Lev Yashin said of him, “There were only ever two world-class goalkeepers. One was myself and the other was that German boy that played in Manchester.” The Russian goalkeeper was talking about Bert Trautmann, who’s story has been made into a film set to be released on Thursday. The lead character is played by David Kross, who spoke in an interview with DFB.de editor Thomas Hackbarth.
DFB.de: Mr Kross, were you surprised that Bert Trautmann didn’t wear gloves?
David Kross: Surprised is not the right word. I was shocked! Anyway what a dramatic story, what a film! But I have to say, honestly, I’d never heard of Bert Trautmann beforehand. When filming started I became aware of just how many goalkeepers in the 50s would play without gloves.
DFB.de: In the FA Cup final in 1956, Trautmann and Manchester City were 3-1 up against Birmingham City. In the 75th minute, Trautmann collided with striker Peter Murphy and the attacker’s knee met Trautmann’s neck. The goalkeeper broke his neck and still played to the end of the game. How did you interpret this moment as an actor?
Kross: Trautmann was quite brash and faced hostility from day one at Manchester City. Later he was heralded as a hero. He went to England as a prisoner of war and ended up as a free man. At one point he was hated and called “the Kraut” and then later on he was named the 1956 Footballer of the Year. It’s just amazing really. He didn’t know at the time that he’d broken his neck, it was only confirmed later. The fact that he stayed on the pitch with his injury shows his immovable team spirit. You just weren’t allowed to sub him off. They wouldn’t have had many men like that. Bert Trautmann was a great sportsman. You can actually watch the final on Youtube and see that he still had to make a few saves after the 75th minute. A teammate had to take goal kicks for him. I watched that game a lot to try and make it look as similar as possible for the film.
DFB.de: What did you make of the footballing preparations you had to do for “The Keeper”?
Kross: As a child I played a lot of football and dreamed about being a professional - but I was never in goal. In the months leading up to shooting I had to improve my athleticism. The producers sorted me out a personal trainer. A few weeks later the intense goalkeeper training began and I had to learn everything about being between the sticks. I learned the basics like positioning and how you catch the ball. We had a very good football coach who coached us in the 50s style of football. When I first tried the old-style football boots, I realised how far football technology has come. Hard boots, crooked studs. For me there was the job of being a goalkeeper as well as being an actor. The days where I was allowed to just play football were really fun.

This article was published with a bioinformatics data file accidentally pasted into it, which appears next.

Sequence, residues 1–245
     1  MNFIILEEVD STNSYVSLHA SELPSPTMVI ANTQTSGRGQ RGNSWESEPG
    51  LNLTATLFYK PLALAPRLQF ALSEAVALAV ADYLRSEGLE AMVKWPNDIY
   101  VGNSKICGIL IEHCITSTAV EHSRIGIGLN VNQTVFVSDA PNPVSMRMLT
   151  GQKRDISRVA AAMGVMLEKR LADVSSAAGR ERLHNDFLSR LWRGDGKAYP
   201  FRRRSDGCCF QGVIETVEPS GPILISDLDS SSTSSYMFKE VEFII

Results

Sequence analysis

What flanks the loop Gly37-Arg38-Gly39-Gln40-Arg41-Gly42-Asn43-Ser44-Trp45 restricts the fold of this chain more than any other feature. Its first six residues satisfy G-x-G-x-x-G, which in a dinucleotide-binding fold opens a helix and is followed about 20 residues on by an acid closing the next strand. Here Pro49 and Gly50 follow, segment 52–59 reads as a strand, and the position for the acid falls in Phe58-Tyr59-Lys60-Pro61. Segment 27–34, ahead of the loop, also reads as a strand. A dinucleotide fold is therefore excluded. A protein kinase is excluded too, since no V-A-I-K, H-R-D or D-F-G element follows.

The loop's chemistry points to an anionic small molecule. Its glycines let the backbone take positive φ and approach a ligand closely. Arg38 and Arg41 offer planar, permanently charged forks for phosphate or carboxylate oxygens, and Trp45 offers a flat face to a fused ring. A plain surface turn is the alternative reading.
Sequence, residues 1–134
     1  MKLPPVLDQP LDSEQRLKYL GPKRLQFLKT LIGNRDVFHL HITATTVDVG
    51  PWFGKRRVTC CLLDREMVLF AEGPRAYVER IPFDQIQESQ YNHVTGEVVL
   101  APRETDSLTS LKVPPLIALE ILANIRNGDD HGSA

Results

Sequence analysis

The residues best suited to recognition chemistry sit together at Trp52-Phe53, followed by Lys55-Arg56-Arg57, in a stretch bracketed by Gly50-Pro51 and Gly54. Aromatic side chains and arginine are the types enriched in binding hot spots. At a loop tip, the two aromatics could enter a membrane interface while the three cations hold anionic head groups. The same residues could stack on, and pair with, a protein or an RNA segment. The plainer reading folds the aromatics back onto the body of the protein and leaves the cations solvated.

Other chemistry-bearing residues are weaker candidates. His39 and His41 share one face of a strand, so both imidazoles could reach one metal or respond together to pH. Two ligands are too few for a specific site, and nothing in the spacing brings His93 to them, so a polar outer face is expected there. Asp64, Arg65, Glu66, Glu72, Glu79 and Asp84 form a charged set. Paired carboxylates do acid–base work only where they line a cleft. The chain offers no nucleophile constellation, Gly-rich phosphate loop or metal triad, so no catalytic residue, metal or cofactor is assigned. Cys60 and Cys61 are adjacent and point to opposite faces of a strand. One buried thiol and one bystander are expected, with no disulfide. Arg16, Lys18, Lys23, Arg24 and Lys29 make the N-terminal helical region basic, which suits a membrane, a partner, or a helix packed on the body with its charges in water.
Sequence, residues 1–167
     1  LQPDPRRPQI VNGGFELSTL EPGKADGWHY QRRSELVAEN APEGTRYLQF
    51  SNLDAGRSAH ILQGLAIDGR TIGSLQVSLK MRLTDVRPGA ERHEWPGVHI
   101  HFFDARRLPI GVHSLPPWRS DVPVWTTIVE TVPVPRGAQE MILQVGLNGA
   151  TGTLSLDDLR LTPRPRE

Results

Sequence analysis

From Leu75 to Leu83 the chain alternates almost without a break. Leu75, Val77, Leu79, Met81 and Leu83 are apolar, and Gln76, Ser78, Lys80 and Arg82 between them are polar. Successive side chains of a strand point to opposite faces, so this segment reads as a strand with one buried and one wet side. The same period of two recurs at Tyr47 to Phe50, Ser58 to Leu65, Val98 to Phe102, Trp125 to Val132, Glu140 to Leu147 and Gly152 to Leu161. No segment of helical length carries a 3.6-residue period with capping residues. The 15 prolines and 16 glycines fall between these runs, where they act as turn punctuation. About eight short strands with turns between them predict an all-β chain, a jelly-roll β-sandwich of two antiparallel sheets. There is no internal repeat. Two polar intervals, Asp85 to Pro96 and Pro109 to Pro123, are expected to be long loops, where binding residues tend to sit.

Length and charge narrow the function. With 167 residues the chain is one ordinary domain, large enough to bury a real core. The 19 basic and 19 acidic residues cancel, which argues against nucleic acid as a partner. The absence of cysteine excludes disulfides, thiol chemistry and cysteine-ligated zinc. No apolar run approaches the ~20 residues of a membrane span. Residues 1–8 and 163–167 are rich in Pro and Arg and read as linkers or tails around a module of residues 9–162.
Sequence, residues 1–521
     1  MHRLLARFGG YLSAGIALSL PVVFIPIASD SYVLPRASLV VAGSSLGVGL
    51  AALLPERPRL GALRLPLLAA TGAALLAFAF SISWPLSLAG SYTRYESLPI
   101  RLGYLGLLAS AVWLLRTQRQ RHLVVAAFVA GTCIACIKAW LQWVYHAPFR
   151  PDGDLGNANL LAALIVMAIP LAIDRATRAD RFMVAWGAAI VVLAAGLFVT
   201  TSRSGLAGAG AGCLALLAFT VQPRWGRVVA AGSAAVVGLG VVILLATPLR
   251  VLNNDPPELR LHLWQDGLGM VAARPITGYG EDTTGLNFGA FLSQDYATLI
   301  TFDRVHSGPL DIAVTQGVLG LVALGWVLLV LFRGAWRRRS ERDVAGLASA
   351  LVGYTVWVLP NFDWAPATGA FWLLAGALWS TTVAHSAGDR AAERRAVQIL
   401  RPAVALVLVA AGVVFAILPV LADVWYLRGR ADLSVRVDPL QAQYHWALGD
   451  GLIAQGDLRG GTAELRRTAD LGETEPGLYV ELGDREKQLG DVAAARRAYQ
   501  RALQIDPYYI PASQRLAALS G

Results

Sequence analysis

DFB.de: “The Keeper” is a big production. How long did it take to shoot?
Kross: Almost a year. It started in Belfast. The scenes in Jack Friar’s shop, Friar being the coach of Trautmann’s first amateur club, were shot in Munich. The Wembley shots are all completely animated. We actually shot the scene in the Rosenaustadion in Augsburg.
DFB.de: What was Bert Trautmann like as a person?
Kross: He experienced a lot of things during the war. He was on the east front for three years. He had a very big sense of justice and was ambitious, humble and straightforward. He was definitely not a fearful person. Through the love story in the film we also learn of his involvement in the war and the criminal regime. He was a part of the Hitler youth and joined willingly and was awarded with the Iron Cross. At some point during the war he must have realised that there was so much wrongdoing going on. He lost himself for a while and didn’t know where to go. He then found this new family in the land of a former enemy, fell in love, got married and became a father. At first there is silence between him and Margaret, they can’t talk to each other. The film shows the hesitation between the two and the distance between the two countries at the time. Freya Mavor is a great actress who is still only at the beginning of her career.
DFB.de: How was it working with director Marcus H. Rosenmüller?
Kross: Marcus really cheered on the extras with full force. He gave everything for this film and that’s why the atmosphere in the football scenes is so good. “The Keeper” at the end of the day is a sports film and so the football scenes have to feel authentic. A lot of fans know him for his comedy work, such as his film “Grave Decisions.”
DFB.de: “The Keeper” is a story about an enemy who becomes and idol and friend. Is that really something that football is capable of doing?
Kross: Football is an amazing thing for integration. For me Trautmann shows that team spirit can be stronger than political differences. Togetherness can do so much for people. Bert Trautmann became something of a peace ambassador in England. The sport is very powerful. When Bert Trautmann first met his new team, there were 20,000 people outside protesting, but the Man City captain, Eric Westwood, explained, “There’s no war in this dressing room.” Those are the kind of values that should still be fought for in sports today.
DFB.de: Sport films don’t generally have an easy time at the box office. How successful do you think “The Keeper” will be?
Kross: Those who go and see it will have a great time. It’s always hard to predict how well something will do. It’s often decided by the first weekend. How many go and see it or how many recommend it plays a big factor. The story is only known to a few people, but it is a true story and Marcus Rosenmüller did a really great job of telling it and putting together this German-English production. We wanted to tell this story, and it’s a big story to tell.